Posts Tagged 'Myths'

October 5, 2012

Spark::red: Tech Partner Spotlight

This guest blog comes to us from Spark::red, a featured member of the SoftLayer Technology Partners Marketplace. Spark::red is a global PCI Level 1 compliant hosting provider specializing in Oracle ATG Commerce. With full-redundancy at every layer, powerful servers, and knowledgeable architects, Spark::red delivers exceptional environments in weeks, instead of months. In this video we talk to Spark::red co-founder Devon Hillard about what Spark::red does, how they help companies that are outgrowing current solutions, and why they chose SoftLayer.

The Three Most Common PCI Compliance Myths

As a hosting provider that specializes in Oracle ATG Commerce, Spark::red has extensive experience and expertise when it comes to the Payment Card Industry Data Security Standards (PCI DSS). If you're not familiar with PCI DSS, they are standards imposed on companies that process payment data, and they are designed to protect the company and its customers.

We've been helping online businesses maintain PCI Compliance for several years now, and in that time, we've encountered a great deal of confusion and misinformation when it comes to compliance. Despite numerous documents and articles available on this topic, we've found that three myths seem to persist when it comes to PCI DSS compliance. Consider us the PCI DSS compliance mythbusters.

Myth 1: Only large enterprise-level businesses are required to be PCI Compliant.

According to PCI DSS, every company involved in payment card processing online or offline should be PCI Compliant. The list of those companies includes e-commerce businesses of all sizes, banks and web hosting providers. It's important to note that I said, "should be PCI Compliant" here. There is no federal law that makes PCI compliance a legal requirement. However, a business IS required to be PCI compliant technically in order to take and process Visa or MasterCard payments. Failure to operate in with PCI compliance could mean huge fees if you're found in violation after a breach.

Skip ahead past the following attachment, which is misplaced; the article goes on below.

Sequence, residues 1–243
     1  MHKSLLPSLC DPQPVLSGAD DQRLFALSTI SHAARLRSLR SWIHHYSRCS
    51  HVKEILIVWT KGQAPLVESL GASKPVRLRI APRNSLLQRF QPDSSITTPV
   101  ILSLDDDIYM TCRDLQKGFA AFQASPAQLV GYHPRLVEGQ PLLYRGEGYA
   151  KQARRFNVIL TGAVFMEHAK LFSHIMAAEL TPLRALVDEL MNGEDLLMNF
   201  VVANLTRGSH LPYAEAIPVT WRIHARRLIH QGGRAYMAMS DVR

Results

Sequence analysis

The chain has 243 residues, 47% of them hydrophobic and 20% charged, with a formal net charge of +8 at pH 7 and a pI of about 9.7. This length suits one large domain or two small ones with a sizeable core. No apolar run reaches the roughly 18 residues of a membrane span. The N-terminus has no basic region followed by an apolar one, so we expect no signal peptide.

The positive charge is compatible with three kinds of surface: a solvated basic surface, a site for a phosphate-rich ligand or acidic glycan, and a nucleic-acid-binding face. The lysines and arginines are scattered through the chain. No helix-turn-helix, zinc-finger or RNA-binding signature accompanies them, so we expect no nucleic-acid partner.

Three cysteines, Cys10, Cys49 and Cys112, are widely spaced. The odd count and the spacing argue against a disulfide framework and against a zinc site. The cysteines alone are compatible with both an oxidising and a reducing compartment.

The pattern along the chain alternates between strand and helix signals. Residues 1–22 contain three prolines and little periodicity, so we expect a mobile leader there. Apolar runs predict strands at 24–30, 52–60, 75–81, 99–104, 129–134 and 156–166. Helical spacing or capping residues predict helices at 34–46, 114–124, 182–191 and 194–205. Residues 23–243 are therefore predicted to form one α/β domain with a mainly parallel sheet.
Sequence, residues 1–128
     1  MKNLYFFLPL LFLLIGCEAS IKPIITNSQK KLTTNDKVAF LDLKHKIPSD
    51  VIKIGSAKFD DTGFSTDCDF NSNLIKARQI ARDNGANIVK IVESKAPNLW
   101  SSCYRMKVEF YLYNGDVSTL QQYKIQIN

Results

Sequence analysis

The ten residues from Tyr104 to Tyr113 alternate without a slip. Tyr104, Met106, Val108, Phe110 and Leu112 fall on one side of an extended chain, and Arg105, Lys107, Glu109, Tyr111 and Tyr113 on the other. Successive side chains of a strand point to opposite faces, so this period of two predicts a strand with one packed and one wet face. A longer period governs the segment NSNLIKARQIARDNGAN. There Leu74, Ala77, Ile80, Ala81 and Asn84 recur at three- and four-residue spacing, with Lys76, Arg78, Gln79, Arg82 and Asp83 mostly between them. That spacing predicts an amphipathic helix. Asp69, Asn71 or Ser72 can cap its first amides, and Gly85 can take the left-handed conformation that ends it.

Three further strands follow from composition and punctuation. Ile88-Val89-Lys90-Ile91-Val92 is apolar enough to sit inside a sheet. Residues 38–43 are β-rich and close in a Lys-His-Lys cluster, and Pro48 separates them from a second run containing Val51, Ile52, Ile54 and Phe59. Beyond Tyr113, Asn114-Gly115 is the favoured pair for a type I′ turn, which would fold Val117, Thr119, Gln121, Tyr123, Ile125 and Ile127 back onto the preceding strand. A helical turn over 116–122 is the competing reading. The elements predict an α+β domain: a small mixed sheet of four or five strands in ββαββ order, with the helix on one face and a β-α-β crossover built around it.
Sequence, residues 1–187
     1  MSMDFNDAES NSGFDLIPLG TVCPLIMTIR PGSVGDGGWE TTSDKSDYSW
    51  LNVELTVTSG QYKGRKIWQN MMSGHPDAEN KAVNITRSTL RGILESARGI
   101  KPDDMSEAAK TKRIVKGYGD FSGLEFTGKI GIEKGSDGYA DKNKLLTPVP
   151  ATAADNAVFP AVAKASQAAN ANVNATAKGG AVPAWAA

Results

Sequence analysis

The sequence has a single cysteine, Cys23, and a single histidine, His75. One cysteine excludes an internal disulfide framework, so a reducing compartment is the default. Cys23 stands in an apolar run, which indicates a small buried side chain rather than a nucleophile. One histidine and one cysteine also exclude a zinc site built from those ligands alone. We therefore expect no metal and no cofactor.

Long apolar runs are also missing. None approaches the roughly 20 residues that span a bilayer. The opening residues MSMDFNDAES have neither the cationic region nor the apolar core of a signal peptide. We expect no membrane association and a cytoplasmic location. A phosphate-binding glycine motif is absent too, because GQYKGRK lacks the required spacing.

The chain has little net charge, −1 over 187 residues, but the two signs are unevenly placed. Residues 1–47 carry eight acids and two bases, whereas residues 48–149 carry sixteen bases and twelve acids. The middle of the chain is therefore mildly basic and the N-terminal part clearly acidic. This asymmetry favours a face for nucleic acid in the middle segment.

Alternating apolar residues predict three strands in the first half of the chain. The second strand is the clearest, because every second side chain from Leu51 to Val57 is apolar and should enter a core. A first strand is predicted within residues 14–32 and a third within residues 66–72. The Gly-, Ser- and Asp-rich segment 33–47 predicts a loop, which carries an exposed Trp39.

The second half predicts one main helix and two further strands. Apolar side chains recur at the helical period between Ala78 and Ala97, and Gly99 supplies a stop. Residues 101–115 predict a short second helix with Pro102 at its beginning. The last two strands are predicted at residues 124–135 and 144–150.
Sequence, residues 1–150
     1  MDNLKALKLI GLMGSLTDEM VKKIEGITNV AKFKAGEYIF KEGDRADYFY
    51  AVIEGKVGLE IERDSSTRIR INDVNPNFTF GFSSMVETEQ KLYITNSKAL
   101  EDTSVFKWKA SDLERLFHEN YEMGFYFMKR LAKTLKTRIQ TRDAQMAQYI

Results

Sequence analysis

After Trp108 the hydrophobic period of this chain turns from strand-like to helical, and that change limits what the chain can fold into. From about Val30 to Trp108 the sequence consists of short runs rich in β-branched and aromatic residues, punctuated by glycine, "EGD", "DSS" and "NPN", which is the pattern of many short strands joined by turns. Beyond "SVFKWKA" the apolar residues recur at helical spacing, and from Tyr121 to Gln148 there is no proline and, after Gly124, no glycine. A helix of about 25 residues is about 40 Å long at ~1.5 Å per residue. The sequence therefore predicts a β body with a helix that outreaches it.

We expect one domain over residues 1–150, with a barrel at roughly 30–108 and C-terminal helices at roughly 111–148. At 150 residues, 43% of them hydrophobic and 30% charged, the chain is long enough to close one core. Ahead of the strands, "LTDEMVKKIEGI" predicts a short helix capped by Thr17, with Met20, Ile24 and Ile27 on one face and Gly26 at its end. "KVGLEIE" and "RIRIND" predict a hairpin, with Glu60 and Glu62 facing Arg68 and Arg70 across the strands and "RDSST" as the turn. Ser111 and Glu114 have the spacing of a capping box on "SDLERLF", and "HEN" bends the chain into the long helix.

Payment card data security is the most significant concern for cardholders, and it should be a priority for your business, whether you have two hundred customers or two million customers. If you're processing ANY credit card payments, you should make sure you are PCI-compliant.

There are four levels of PCI compliance based on the number of credit card transactions your business processes a year, so the PCI compliance process is going to look different for small, medium-sized and large businesses. Visit the PCI Security Standards Council website to check which level of PCI compliance your business needs.

Myth 1: Busted.

Myth 2: A business that uses a PCI-compliant managed hosting provider automatically becomes PCI-compliant.

Multiple parties are involved in processing payment data, and each of them needs to meet certain standards to guarantee cardholders' data security. From a managed hosting provider perspective, we're responsible for things like proper firewall installation and maintenance, updating anti-virus programs of our servers, providing a unique ID for each person with computer access to restrict access to the most sensitive data, regular system scanning for vulnerabilities. Our customer — an online retailer, for example — would need to develop its software applications in accordance with PCI DSS, keep cardholders data storage to a minimum, and perform application-layer penetration tests that are out of their hosting provider's control.

If you're pursuing PCI compliance, you have a significant advantage if you start with a PCI-compliant managed hosting provider. Many security questions are already answered by your PCI-compliant host, so there is a shorter list of things for you to be worry about. You save money, time and effort in the process of completing PCI certification.

Myth 2: Busted.

Myth 3: A business that uses SSL certificates is PCI compliant.